Researchers have found traces of more than 400 different types of insects in a single tea bag using a new technique they have developed.
The study’s lead researcher, Professor Henrik Krehenwinkel, of the University of Trier in the western German state of Rhineland-Palatinate, said: “We examined commercially available teas and herbs and found DNA from up to 400 different types of insects in a single tea bag.”
The biogeographer and his team used the new method they have devised to study a tea bag, looking for traces of insect DNA.
The university said in a statement that Krehenwinkel and his team have “presented a method with which meaningful environmental DNA (environmentalDNA) can be obtained from dried plants and evaluated.”
Their results are promising and could be very useful, the statement said, not least because “this group of animals is of enormous importance for the balance of the global ecosystem.”
The statement also said: “The possibility of being able to collect eDNA almost anywhere in the environment – in water, in the soil or on plants – has given biomonitoring, the observation and surveillance of animals and plants, enormous progress in recent years.
“So far, insects had to be caught in traps.
“This practice not only has the disadvantage that the animals die, but usually only some of the insects that come into contact with a plant are caught and thus included in the analysis.”
Krehenwinkel said: “Now we can also prove which insects live inside the plant.”
The method he and his team have devised is innovative in that “eDNA is not taken from the surfaces of the plants, as is usually the case, but from crushed, dried plant material. On the plant coat, eDNA is not available for long because it is broken down by UV light or washed away by rain. Another limitation is that in this way mostly insects on the surface of the plant are taken into account.”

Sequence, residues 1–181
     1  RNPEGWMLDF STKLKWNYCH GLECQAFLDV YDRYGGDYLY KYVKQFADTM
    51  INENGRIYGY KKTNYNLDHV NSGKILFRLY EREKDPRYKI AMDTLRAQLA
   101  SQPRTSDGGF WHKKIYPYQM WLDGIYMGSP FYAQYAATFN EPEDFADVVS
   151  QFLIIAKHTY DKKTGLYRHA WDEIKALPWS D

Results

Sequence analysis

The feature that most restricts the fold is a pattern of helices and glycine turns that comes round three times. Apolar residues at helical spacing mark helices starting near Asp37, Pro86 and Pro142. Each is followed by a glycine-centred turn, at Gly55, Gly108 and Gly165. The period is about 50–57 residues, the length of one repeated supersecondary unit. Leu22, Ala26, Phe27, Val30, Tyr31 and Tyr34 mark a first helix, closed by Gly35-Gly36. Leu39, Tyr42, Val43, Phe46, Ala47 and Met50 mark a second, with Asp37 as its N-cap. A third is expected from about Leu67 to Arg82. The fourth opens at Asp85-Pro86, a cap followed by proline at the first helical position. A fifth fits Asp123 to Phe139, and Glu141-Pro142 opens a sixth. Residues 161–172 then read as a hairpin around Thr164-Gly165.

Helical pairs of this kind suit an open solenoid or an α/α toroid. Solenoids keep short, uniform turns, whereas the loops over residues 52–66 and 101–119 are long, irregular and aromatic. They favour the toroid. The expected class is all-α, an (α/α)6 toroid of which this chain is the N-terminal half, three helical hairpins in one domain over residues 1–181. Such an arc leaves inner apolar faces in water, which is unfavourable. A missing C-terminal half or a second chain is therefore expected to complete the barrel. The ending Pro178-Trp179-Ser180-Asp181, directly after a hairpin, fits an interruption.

The method of observing how insects and plants interact is of interest for many other scientific endeavors as well as having “shown that the insect species associated with certain plant species also disappear – and vice versa.”
But thanks to this new eDNA method, experts could glean new data regarding what causes this.
The agriculture industry could also benefit from this research, the statement said, because it would help identify pests and insects that can spread by hiding inside plants.
“We are currently working on simplifying the protocol of our procedure so that school classes can work with it. In the long term, this could result in a citizen science project in which citizens conduct research in the field of biodiversity,” Krehenwinkel said.
The university added: “Finally, the procedure could also become a case for criminalistics. Reliable statements about the actual geographic origin of plants can be made using eDNA. In this way, customs could determine whether imported types of tea actually come from the specified countries. What is possible with tea also applies to other plants – drugs, for example.”
The study was published in the peer-reviewed academic journal Biology Letters, which is published by the Royal Society in the U.K.
It was published June 15 under the title “The bug in a teacup—monitoring arthropod–plant associations with environmental DNA from dried plant material,” and was authored by Henrik Krehenwinkel, Sven Weber, Sven Kuenzel and Susan R. Kennedy.
This story was provided to Newsweek by Zenger News.
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